Deltas are wetlands that form where rivers empty their water and sediment into another body of water, such as an ocean, lake or another river.
Deltas are important to humans, fish and other wildlife because they hold very fertile soil and support a variety of vegetation.
Many animals are indigenous to the shallow waters of a delta. Fish, crustaceans, birds and even predators such as tigers and bears can be part of a delta's ecosystem. A variety of plants and herbs—such as lilies and hibiscus—also thrive in this unique ecosystem.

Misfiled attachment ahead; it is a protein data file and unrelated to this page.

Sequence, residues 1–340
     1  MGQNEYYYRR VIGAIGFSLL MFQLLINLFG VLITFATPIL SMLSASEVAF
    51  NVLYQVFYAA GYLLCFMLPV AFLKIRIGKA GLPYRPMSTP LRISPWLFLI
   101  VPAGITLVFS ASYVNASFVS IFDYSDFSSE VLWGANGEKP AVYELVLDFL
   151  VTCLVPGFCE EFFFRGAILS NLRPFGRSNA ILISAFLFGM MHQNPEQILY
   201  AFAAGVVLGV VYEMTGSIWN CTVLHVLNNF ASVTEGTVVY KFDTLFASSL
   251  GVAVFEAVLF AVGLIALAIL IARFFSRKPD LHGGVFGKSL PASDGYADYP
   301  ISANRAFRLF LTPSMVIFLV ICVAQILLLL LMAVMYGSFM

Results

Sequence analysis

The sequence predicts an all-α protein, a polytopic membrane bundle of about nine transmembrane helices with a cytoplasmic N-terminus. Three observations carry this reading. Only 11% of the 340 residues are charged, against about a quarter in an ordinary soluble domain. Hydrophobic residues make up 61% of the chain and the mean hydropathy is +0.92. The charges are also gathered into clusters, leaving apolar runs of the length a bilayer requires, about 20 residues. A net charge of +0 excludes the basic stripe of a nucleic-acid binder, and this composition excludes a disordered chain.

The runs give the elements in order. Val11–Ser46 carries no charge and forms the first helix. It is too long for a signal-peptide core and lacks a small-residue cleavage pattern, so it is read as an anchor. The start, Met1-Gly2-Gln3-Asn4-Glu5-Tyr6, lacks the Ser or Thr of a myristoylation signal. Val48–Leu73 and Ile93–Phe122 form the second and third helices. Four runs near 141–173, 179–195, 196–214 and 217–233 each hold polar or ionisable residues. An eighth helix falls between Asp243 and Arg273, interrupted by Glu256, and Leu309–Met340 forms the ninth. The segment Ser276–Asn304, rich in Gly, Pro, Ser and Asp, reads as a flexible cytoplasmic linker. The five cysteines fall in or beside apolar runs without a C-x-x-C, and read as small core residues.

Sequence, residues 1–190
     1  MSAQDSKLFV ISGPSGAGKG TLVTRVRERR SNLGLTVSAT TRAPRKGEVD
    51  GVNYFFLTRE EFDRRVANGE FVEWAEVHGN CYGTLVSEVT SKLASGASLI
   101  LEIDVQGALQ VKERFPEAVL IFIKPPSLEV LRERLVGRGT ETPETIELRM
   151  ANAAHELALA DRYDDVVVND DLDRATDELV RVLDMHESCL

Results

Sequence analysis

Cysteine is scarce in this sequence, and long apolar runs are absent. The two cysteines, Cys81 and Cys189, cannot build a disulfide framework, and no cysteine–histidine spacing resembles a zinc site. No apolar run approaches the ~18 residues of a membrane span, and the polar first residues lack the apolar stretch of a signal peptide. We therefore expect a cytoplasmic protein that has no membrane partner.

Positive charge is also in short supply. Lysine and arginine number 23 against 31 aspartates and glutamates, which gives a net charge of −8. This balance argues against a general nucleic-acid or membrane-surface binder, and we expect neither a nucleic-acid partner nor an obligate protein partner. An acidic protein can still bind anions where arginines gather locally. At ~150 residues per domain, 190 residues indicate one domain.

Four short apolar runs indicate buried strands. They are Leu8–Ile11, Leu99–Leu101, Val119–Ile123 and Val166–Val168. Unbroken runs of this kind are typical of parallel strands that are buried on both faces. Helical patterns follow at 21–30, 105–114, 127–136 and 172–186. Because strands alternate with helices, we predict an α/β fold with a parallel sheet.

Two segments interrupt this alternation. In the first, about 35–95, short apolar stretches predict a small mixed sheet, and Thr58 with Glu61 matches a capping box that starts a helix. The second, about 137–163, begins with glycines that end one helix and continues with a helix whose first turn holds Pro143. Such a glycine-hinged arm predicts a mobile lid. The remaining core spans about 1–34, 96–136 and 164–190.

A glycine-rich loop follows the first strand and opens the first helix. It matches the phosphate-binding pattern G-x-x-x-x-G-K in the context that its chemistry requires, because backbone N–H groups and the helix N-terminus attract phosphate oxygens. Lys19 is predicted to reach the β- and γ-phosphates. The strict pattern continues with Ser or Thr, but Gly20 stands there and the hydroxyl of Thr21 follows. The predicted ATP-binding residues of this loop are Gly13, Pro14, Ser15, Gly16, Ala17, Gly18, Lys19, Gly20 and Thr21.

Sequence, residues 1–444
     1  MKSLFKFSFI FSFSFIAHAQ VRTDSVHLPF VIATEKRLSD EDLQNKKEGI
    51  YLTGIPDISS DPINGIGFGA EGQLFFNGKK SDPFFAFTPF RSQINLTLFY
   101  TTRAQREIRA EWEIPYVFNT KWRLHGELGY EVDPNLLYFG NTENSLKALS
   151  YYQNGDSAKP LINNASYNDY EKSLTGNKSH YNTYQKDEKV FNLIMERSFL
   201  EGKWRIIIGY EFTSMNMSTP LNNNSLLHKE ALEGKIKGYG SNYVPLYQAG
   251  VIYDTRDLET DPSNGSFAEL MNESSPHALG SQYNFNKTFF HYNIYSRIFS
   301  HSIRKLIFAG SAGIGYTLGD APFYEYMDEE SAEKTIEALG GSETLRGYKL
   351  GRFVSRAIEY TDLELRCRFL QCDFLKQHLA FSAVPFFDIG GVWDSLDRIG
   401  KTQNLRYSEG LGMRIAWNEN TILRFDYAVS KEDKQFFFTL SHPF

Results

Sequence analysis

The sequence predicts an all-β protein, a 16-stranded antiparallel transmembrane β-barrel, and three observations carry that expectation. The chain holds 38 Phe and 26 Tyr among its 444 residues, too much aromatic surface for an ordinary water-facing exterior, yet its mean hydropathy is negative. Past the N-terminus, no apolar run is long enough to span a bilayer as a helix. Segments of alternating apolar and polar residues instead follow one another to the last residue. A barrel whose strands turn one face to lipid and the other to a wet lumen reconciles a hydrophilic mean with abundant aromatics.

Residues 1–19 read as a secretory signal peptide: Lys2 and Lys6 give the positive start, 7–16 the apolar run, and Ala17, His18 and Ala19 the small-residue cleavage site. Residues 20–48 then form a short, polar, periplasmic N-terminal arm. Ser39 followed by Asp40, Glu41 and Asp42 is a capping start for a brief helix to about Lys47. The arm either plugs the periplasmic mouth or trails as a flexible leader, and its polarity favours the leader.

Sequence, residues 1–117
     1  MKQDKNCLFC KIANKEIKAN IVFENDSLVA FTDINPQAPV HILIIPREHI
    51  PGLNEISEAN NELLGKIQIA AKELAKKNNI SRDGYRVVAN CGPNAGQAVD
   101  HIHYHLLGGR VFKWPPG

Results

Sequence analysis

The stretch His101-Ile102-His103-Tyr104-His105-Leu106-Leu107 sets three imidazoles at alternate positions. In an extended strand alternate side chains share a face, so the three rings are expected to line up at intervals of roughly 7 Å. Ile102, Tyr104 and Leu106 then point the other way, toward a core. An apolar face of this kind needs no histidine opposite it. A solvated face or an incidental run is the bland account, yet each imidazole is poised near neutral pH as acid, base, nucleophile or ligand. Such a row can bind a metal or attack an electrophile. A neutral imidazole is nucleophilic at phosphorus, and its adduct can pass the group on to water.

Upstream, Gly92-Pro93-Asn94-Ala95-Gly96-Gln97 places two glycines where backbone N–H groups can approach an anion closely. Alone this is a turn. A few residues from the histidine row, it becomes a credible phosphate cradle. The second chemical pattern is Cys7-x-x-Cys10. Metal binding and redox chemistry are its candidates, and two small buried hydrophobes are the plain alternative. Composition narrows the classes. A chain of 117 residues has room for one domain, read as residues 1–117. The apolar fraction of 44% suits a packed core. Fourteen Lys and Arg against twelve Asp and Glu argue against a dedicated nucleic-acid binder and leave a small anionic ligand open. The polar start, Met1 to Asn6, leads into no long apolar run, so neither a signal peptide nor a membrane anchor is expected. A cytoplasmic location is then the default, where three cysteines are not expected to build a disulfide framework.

Deltas absorb runoff from both floods and storms, and filter water as it makes its way through the delta's distributary network. This can reduce the impact of pollution flowing from upstream.
The term delta comes from the Greek letter delta, which is shaped like a triangle. Deltas with this triangular shape are called arcuate “arc-like” deltas. One example is the Nile River, which forms an arcuate delta as it empties into the Mediterranean Sea.
You can help protect river deltas wherever you are!